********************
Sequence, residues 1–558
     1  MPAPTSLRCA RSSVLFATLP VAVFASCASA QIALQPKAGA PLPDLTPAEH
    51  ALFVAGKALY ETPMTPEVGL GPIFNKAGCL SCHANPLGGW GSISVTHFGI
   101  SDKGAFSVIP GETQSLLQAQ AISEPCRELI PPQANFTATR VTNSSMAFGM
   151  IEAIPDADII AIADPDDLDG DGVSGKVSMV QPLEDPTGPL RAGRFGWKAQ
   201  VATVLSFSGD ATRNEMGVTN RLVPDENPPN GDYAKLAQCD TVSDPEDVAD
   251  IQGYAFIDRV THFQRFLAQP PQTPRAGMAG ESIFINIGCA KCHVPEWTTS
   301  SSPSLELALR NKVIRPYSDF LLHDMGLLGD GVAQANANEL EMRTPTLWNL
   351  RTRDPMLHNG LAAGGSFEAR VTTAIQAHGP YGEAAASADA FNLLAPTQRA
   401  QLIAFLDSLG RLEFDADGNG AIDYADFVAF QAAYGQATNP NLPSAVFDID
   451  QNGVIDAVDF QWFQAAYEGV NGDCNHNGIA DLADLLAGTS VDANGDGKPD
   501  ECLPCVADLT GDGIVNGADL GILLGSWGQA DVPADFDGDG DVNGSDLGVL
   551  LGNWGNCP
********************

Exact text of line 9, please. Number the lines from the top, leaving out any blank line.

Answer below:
   351  RTRDPMLHNG LAAGGSFEAR VTTAIQAHGP YGEAAASADA FNLLAPTQRA